Let there be light
Epson is a big company that makes lots of stuff, including digital cameras, printers, TVs with built-in printers, and, yes, LCD front projectors. The $2,999 Powerlite Cinema 200+ is its midprice home theater model, an HDTV-grade projector with picture brightness to spare (its 200-watt lamp outshines those of the other projectors here, which range from 130 to 150 watts). A notable perk is its Cinema Color Editor software, which lets you set up the projector using a PC or Macintosh computer hooked up to its USB port.
Housed in a silvery white case whose curves seem organic, the Epson looks like a high-end projector. Fan noise was very low with its Theater picture preset - the one I mostly used - but much higher with the Dynamic or Living Room setting. Its input options are fairly complete, but there's no DVI or HDMI jack for connecting a DVD player or satellite/cable receiver - an oversight in a high-def projector.
The remote control Epson provides with the Cinema 200+ has a substantial feel, and its backlit keypad makes it easy to locate buttons in the dark. There are four direct-input buttons for quickly selecting video sources, a Color Mode button for selecting among the five factory picture presets, and a Memory button to quickly call up one of the four custom picture presets you can create.
SETUP The combination of the Epson's horizontal and vertical lens shift and four adjustable feet made setup easy on my coffee table. Unlike the other projectors, which have manual zoom and focus rings located on the lens, on the Epson you adjust the lens via buttons on the remote control. After selecting an appropriate preset for black level in the setup menu, I tweaked color, brightness, contrast, and color temperature for each input, storing all of my settings in the memory menu.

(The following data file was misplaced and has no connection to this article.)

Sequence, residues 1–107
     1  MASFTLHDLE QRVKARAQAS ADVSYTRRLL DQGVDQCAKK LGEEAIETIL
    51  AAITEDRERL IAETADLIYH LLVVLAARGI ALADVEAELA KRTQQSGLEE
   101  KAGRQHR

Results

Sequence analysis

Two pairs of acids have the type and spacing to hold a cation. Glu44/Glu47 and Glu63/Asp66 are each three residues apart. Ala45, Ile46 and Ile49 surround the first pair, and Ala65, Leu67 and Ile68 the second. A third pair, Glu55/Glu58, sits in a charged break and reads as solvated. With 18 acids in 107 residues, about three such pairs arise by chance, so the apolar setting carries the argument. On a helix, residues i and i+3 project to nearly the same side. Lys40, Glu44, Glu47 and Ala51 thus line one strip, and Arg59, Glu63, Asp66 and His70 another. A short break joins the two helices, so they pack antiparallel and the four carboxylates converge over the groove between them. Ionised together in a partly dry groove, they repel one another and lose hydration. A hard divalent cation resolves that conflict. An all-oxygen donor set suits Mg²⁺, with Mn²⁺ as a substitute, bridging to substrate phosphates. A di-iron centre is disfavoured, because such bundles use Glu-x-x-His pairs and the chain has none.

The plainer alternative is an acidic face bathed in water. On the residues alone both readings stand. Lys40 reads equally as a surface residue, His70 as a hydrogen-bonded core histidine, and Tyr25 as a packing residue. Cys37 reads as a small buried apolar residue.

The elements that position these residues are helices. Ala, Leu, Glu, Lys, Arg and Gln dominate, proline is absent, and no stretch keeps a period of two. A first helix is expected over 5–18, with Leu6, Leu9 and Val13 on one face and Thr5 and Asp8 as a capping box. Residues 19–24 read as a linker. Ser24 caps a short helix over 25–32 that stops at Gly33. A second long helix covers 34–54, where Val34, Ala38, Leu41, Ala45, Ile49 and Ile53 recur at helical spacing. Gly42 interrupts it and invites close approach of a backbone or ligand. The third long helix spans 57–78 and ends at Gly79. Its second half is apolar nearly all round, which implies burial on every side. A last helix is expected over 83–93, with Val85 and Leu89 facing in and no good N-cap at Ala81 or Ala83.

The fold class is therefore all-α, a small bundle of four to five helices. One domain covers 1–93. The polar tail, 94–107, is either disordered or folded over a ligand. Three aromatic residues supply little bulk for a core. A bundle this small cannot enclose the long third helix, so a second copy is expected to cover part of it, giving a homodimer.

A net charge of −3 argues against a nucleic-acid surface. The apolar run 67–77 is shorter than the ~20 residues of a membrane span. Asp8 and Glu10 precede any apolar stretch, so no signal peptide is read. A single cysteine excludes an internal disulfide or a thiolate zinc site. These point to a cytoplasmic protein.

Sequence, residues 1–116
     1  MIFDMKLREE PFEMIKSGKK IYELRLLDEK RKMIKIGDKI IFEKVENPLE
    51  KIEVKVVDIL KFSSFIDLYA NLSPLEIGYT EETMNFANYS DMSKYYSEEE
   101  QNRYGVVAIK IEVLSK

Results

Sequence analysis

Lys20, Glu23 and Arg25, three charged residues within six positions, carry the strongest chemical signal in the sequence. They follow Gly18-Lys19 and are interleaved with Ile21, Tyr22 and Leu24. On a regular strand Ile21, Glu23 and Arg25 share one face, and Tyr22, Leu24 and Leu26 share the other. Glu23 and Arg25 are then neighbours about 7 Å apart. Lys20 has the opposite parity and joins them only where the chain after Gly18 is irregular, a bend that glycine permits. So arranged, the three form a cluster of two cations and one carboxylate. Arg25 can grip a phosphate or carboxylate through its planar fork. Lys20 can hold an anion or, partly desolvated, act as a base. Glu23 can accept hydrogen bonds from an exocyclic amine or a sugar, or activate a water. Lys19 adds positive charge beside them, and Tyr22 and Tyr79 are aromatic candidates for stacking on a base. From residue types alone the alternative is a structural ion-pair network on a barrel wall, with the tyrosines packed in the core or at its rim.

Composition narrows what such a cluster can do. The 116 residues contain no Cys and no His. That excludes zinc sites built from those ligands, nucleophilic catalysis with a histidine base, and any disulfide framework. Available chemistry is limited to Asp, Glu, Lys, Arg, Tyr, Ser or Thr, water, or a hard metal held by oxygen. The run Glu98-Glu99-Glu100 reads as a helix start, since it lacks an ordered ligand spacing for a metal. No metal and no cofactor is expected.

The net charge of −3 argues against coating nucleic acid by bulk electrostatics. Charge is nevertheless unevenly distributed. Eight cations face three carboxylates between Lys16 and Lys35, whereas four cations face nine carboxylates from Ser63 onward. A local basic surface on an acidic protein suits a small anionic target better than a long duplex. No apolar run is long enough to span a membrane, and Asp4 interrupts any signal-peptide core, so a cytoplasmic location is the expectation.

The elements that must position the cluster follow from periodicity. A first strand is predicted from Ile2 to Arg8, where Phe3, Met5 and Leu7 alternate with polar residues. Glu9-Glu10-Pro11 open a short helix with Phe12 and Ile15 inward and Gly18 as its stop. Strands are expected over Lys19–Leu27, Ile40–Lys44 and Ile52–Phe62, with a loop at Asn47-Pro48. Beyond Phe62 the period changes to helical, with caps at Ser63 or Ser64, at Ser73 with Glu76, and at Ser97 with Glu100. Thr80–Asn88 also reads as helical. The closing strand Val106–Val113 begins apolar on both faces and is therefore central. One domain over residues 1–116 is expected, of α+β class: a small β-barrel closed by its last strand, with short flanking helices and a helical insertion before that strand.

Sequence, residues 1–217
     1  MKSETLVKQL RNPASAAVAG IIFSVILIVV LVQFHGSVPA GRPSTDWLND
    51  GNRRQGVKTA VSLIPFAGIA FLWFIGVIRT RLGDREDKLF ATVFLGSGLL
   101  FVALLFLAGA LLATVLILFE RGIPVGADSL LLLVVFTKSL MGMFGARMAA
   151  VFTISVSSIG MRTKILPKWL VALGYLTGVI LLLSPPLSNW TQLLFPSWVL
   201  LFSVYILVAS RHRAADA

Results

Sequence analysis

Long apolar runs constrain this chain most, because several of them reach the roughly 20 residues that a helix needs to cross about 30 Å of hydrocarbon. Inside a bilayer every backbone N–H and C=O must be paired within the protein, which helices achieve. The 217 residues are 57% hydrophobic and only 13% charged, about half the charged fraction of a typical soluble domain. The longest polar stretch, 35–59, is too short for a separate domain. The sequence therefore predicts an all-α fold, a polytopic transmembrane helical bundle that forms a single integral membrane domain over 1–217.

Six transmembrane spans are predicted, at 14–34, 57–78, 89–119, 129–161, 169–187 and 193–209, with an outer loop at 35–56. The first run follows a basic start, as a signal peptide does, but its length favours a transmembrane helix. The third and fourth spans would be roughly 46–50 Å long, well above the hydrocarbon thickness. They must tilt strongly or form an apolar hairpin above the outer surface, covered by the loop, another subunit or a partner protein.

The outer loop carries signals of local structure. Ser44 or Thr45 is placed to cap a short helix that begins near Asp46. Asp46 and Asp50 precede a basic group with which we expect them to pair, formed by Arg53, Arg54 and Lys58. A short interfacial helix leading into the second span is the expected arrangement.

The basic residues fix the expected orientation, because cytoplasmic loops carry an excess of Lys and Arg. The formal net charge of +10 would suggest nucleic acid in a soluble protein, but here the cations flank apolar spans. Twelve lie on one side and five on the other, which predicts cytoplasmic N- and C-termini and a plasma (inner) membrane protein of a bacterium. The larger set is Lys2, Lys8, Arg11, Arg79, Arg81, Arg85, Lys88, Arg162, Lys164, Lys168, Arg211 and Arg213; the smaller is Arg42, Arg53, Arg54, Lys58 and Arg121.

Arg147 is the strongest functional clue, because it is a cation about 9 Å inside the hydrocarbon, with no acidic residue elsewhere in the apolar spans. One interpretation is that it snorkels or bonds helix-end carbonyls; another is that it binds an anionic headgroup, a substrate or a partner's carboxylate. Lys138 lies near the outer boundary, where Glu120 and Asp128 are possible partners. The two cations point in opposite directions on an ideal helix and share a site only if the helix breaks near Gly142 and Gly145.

PICTURE QUALITY The first thing I noticed when I played I, Robot was that the shadows in the opening loft scene looked more gray than black. There wasn't much shadow detail in the dark regions of Del 's home, which consequently looked murky. Likewise, in a scene in a bright concourse where the detective speaks with a hologram of the robotics genius Dr. Lanning, the picture was pale and washed out. Shots with less extreme contrast, however, showed the Epson's color accuracy to be very good. For example, in a squad-room scene where Del chats with his superior officer, their skin tones looked natural.
On the whole, standard-def (480i) programs didn't fare very well on the Epson. I frequently saw stair-stepped "jaggies" on the edges of moving objects. But high-def programs came across with very good detail. The bright image really drew me into a concert program, Ultra Festival, on the INHD channel. The show's laser lights, smoke, and computer animations (on a video wall behind the performers) all looked clear and colorful. A crisp high-def image was also the norm when I caught X2: X-Men United on HBO HD. But as with DVDs, I noticed poor shadow detail and picture contrast in HDTV movies.
Epson's Powerlite Cinema 200+ delivers bright, crisp HDTV images at a good price. But that brightness comes at the expense of contrast and picture subtlety. However, if you're looking to beam a big picture in a room where you need some ambient light (like to keep kids from tripping in the dark), the Cinema 200+ is worth considering.
Copyright © 2013 Bonnier Corp. All rights reserved. Reproduction in whole or in part without permission is prohibited.